Ensuring great customer outcomes through third-party risk management
Third-party risk management (TPRM) has become a focal point for financial services regulators across the globe. The publication of the EBA and EIPOA guidelines on outsourcing in 2019 and 2011, respectively has led to European regulators updating their rulebooks on third-party and intragroup outsourcing.
We expect to see a similar approach from US regulators in 2023. Essentially, organisations are now required to have greater oversight of their supply chains. And rightly so. The importance of robust TPRM is frequently brought to light by high-profile outages, many of which can be attributed to third-party service providers. These catastrophic outages often leave customers without vital services for days and can cost hundreds of millions of pounds in damages and lost business. These outages illustrate the importance of a resilient approach to TPRM, which includes embedding a robust TPRM framework.
It’s unsurprising that financial services organisations are feeling the pressure. A small survey of TPRM leaders at a recent conference revealed that almost half of these organisations have manual or Microsoft Excel-based TPRM and supplier management processes. And 41 percent said they intend to focus on rethinking their operating model and clarifying roles and responsibilities within the next 12 months. The imperative to comply and deliver for customers and the regulators is also putting a strain on capability and capacity of TPRM teams causing challenges when delivering on Important Business Services. So how can organisations better protect customers and optimise their TPRM approach?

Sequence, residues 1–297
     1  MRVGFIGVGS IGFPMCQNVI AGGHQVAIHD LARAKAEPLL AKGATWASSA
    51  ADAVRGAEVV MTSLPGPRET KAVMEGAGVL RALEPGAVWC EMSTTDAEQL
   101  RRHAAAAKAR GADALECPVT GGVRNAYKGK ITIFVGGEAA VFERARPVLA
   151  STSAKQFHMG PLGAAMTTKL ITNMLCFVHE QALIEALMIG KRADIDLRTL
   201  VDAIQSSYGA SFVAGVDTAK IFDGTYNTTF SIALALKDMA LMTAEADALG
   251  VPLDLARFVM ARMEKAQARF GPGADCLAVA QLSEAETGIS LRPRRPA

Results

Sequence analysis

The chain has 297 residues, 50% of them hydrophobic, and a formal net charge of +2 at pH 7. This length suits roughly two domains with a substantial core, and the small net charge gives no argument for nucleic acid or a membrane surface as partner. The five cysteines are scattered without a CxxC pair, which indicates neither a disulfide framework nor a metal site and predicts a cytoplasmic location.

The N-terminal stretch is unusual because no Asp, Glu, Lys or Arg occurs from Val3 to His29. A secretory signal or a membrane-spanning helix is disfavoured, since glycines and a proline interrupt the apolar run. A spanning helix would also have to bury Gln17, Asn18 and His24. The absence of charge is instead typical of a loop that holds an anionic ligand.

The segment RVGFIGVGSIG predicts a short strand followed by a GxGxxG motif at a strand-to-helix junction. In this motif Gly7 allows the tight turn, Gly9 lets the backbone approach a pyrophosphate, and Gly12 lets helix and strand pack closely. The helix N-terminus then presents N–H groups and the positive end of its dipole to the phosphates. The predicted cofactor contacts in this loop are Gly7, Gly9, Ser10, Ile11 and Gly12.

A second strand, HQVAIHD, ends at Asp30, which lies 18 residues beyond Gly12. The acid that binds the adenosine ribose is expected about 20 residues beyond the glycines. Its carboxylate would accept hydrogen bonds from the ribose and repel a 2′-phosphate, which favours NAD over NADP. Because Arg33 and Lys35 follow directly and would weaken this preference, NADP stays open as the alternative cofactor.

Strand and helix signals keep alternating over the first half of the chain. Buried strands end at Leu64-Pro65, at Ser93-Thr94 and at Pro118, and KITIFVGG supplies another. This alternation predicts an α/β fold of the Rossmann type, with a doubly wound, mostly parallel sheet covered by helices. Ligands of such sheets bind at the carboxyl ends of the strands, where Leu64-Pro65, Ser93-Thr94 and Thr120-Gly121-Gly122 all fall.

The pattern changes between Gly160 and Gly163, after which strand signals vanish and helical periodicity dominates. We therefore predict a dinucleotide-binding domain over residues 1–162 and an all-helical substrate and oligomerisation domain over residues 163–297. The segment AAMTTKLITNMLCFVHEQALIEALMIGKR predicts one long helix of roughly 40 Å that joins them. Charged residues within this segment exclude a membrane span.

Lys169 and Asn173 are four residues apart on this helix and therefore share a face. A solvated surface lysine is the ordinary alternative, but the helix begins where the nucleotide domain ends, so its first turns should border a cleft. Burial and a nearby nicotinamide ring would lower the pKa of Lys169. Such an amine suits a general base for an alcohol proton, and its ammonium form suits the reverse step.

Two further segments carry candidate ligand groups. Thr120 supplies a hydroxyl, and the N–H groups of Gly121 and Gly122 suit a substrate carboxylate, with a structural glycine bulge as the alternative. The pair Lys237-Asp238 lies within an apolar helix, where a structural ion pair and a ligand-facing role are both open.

Financial services organisations can make three changes to increase resilience in their TPRM approach - helping to ensure customer satisfaction in Important Business Services. Organisations should adopt new technology and tooling to optimise data, clearly define roles and responsibilities within an appropriate operating model, and increase the capacity of in-house risk functions.
1. Automate TPRM to reduce siloed data and disparate systems
Disparate systems and multiple data sources often mean a reliance on outdated or manual processes with only a minority of TPRM leaders at a recent event reporting they have fully automated their processes. This creates a fractioned and siloed approach to the identification, management, and monitoring of risks across the supply chain.
Meanwhile, regulators are applying pressure by encouraging organisations to have more oversight of the risks within their supply chains. Manual approaches are quickly becoming ineffective and new technology solutions are required to monitor concentration of risk more effectively across multiple parties.